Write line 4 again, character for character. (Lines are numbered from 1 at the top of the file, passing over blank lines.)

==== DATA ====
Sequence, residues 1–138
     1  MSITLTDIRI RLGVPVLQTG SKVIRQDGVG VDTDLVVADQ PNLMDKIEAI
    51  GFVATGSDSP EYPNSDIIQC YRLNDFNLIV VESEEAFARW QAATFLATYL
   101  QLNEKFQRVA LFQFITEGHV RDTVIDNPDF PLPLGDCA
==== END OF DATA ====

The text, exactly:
   101  QLNEKFQRVA LFQFITEGHV RDTVIDNPDF PLPLGDCA